Publications Database

Welcome to the new Schulich Peer-Reviewed Publication Database!

The database is currently in beta-testing and will be updated with more features as time goes on. In the meantime, stakeholders are free to explore our faculty’s numerous works. The left-hand panel affords the ability to search by the following:

  • Faculty Member’s Name;
  • Area of Expertise;
  • Whether the Publication is Open-Access (free for public download);
  • Journal Name; and
  • Date Range.

At present, the database covers publications from 2012 to 2020, but will extend further back in the future. In addition to listing publications, the database includes two types of impact metrics: Altmetrics and Plum. The database will be updated annually with most recent publications from our faculty.

If you have any questions or input, please don’t hesitate to get in touch.


Search Results

Nedopil, C., Dordi, T., & Weber, O. (2021). "The Nature of Global Green Finance Standards—Evolution, Differences, and Three Models", Sustainability, 13(7), 3723.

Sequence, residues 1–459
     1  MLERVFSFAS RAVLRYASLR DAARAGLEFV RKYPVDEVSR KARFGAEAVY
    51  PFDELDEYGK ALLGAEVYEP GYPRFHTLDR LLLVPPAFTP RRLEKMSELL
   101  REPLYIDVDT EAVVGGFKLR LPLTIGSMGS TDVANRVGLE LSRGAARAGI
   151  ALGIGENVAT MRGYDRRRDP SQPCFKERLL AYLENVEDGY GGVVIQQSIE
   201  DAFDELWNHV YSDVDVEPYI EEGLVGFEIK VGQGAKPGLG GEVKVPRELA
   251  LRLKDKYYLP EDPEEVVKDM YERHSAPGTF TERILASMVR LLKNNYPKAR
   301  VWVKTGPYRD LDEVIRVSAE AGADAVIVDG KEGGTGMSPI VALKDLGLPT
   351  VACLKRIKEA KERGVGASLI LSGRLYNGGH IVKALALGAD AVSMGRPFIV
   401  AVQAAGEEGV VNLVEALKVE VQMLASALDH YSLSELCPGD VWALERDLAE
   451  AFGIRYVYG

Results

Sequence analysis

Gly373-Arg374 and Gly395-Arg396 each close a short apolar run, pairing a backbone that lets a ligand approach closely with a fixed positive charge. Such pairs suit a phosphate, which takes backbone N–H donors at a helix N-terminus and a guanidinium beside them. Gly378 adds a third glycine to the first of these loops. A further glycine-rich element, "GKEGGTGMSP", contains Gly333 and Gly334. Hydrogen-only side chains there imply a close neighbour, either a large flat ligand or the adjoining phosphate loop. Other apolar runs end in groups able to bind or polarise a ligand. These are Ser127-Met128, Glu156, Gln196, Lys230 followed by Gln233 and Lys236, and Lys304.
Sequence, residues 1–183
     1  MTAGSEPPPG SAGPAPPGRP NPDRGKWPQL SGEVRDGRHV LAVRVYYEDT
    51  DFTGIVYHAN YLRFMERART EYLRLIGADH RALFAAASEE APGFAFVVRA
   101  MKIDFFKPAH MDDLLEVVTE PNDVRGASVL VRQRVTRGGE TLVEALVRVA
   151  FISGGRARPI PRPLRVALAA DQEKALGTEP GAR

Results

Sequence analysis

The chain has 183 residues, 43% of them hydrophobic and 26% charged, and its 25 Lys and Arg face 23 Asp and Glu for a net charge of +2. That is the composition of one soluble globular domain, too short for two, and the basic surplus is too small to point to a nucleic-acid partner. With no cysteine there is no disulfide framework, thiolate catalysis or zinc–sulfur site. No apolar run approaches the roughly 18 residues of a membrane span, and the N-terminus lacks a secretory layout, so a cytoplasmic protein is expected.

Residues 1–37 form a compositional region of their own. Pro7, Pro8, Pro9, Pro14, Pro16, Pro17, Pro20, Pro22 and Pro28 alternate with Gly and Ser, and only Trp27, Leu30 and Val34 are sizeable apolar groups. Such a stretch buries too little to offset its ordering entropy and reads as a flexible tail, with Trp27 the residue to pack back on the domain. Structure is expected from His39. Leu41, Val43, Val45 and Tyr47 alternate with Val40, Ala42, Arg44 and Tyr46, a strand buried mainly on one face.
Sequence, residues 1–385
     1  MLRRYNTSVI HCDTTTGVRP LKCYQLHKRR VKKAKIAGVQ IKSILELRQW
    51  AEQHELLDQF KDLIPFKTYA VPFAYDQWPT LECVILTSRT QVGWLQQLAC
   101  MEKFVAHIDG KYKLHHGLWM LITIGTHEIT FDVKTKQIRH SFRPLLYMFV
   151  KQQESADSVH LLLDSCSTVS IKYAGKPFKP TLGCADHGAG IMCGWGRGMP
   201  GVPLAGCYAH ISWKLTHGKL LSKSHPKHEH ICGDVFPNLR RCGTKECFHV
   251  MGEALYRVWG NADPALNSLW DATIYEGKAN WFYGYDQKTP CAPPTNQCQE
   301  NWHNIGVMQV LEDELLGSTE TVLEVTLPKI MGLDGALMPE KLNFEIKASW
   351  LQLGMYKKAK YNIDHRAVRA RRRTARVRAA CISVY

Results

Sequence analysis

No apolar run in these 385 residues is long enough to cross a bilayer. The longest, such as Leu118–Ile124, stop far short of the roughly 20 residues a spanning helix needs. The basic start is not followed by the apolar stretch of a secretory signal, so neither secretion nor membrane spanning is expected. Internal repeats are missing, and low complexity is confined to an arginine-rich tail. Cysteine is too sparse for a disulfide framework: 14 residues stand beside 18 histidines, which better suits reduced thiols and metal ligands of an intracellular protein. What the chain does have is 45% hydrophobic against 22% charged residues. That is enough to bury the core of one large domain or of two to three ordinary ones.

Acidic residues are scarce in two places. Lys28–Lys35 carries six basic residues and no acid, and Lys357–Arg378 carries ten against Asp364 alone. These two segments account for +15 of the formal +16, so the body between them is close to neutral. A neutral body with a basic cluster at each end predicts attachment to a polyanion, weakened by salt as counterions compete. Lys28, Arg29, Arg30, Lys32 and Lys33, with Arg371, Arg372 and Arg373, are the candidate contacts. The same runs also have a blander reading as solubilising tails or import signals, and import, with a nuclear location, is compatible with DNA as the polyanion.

Open Access Download

Abstract (1) Background: Green finance standards have proliferated with much need for harmonization to accelerate global green financial flows. However, little is known on the nature of green finance standards that accelerates differentiation, rather than harmonization. Therefore, we embark to answer the question what the nature of green finance standards is and specifically how green finance standards have evolved in major economic systems driven by different actors and leading to differences and commonalities over time and environmental focus area. (2) Methods: To analyze the question, we build a model based on institutional and standards theory and apply text analysis and statistical methods to analyze 84 green finance standards issued from 1998 to 2020. (3) Results: we find clear evidence that green finance standards evolve depending on economic governance types (e.g., market-based, government-based and in weak institutional environments), environmental focus areas (e.g., pollution, climate, biodiversity) and depend on actors in government, intermediaries and developing financial institutions. We also show that this development has been dynamic over the last few decades. We further test and confirm three models of green finance standards: output-based, input-based and process standards that have evolved. With the findings, we aim to provide a better foundation for both research and policy in future green finance standard research, development and harmonization.